As the fake snow fell on the stage and the chorus sang ‘it’s beginning to look a lot like Christmas’, for the first time this year I did actually feel a little Christmassy.  That is early for me.  Very early.  In fact the feeling generally doesn’t kick in until around Christmas Eve (sometimes later if at all).  But that’s the effect Miracle On 34th Street can have.

Since its debut as a movie in 1947, Miracle on 34th Street has gone on to become one of the most popular Christmas productions of all time, both on television and on stage, delighting young and old.  The classic story of the young girl Susan who doesn’t believe in Father Christmas until she meets him (her mother has accidentally hires the real Kris Kringle as a department store Santa Claus) and the ensuing drama as he lays claim to being the real deal has become a Christmas staple.

On its run at the Opera House Manchester, the production showed enough to demonstrate why it is a winner with children, although it may be a little less likely to win over adults who are not already in love with the story.

The stage setting is impressive and versatile, making for an excellent looking Macy’s whilst doubling as a living room, high street and courtroom.  On top of this some excellent costumes make for a visually arresting show.  The visual aspect is particularly evident during the early pageant scene, which is very well choreographed and performed by the ensemble, dancing and springing around the stage to delightful effect, each group wearing different costumes and coming on consecutively to give the effect of the pageant moving forwards. Similarly the Toy Ballet is beautiful to watch.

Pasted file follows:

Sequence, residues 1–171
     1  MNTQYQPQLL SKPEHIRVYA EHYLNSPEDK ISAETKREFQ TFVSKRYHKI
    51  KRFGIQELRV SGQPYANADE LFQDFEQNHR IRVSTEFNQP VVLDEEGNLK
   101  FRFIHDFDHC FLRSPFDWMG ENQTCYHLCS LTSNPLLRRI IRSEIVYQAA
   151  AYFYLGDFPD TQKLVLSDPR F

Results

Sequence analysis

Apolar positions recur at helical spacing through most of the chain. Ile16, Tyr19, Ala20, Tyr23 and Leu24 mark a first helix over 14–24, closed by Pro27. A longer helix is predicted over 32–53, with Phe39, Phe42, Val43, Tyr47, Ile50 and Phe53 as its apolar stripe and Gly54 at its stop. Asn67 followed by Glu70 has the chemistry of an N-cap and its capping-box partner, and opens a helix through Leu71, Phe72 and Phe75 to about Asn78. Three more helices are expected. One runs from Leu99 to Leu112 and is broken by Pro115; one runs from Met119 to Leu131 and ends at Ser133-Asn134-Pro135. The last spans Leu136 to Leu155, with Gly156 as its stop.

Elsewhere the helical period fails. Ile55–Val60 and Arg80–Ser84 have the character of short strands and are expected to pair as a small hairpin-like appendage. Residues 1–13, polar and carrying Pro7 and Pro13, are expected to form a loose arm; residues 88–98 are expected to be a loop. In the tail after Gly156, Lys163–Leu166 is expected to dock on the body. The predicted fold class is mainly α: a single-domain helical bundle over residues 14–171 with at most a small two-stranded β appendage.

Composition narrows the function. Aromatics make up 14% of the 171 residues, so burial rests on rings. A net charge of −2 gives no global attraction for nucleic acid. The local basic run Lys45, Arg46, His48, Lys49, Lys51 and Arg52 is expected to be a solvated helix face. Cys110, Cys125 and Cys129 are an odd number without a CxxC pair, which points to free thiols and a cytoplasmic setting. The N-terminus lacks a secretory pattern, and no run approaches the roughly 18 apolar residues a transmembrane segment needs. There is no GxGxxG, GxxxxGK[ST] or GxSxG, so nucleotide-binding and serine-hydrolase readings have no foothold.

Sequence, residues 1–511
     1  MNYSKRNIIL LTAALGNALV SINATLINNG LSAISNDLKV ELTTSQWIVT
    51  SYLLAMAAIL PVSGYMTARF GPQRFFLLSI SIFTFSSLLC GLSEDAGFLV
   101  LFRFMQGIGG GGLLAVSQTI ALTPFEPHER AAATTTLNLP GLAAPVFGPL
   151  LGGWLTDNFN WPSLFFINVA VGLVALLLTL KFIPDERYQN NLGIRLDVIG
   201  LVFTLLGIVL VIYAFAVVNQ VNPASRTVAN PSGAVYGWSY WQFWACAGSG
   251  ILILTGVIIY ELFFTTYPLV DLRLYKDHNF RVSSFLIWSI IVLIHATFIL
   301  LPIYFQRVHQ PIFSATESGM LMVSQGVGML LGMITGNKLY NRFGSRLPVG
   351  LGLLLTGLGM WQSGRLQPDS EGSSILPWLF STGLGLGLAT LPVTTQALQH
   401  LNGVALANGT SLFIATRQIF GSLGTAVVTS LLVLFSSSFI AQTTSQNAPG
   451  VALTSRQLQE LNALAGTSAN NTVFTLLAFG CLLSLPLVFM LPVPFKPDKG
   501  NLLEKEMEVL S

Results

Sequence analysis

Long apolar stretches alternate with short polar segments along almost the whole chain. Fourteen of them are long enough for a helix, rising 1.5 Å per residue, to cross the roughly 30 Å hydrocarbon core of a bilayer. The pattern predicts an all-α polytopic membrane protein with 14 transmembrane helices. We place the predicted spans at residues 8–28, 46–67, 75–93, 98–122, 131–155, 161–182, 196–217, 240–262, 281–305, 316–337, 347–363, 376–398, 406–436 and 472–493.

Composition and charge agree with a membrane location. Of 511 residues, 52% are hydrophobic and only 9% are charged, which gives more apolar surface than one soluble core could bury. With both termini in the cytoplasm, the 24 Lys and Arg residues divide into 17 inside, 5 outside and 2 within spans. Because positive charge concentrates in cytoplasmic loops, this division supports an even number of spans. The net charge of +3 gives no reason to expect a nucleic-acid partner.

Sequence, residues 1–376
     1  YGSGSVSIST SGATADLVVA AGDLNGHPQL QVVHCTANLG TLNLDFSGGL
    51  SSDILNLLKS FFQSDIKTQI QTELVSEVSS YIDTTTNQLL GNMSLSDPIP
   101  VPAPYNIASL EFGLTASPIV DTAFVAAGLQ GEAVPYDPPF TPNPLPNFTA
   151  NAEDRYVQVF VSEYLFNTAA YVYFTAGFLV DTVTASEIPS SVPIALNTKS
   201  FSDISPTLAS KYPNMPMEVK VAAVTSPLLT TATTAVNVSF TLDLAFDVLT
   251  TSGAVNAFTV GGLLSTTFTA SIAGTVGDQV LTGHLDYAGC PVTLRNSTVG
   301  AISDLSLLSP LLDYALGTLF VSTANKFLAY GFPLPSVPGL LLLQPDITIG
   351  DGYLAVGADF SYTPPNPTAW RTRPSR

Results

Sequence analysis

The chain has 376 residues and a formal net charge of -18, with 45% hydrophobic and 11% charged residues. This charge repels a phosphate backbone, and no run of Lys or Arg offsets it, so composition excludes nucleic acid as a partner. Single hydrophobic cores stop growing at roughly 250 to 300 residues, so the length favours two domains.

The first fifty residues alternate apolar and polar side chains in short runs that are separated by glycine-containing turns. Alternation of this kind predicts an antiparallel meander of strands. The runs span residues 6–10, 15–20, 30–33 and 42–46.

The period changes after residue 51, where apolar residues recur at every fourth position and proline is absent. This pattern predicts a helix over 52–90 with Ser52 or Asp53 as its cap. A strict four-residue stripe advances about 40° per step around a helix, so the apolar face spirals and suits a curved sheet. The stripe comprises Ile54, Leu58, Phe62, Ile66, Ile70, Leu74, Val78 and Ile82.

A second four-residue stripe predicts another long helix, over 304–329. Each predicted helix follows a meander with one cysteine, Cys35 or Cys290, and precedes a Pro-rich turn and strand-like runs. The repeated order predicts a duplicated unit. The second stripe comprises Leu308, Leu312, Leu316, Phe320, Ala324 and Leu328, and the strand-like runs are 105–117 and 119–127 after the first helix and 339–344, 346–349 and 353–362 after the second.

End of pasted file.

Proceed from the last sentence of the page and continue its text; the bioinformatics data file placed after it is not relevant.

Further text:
The show also features some excellent individual performances.  Claire Hawkins in particular as Susan’s mother Doris is exceptional.  Her signing, presence and timing are spot on throughout.  Similarly Hannah Thompson in the pivotal role of Susan is endearing.  And the central role of Kris Kringle (played by Dayy Lane) is cast to perfection as Lane makes performs the character wonderfully, displaying poise, a calm and wise character, and a completely believable Santa Claus.

There are, however, a few blips along the way.  There are some difficulties with the sound, with microphones occasionally not being turned on, and in the ensemble numbers are, at times, difficult to decipher.  There was also a surprising orchestral error with one of the instrumentalists wildly out of tune for a brief period before recovering.  The character of the cruel and incompetent Sawyer also comes across a little too much as a comic book villain.

Miracle on 34th Street, however, is littered with feel good Christmas songs, frequently linked with well performed carols.  Believers will no doubt be taken with the performance, although any non-believers may take a little more convincing that Santa is able to offer on this occasion.

Miracle on 34th Street is performed at Manchester Opera House until 25 November 2015.

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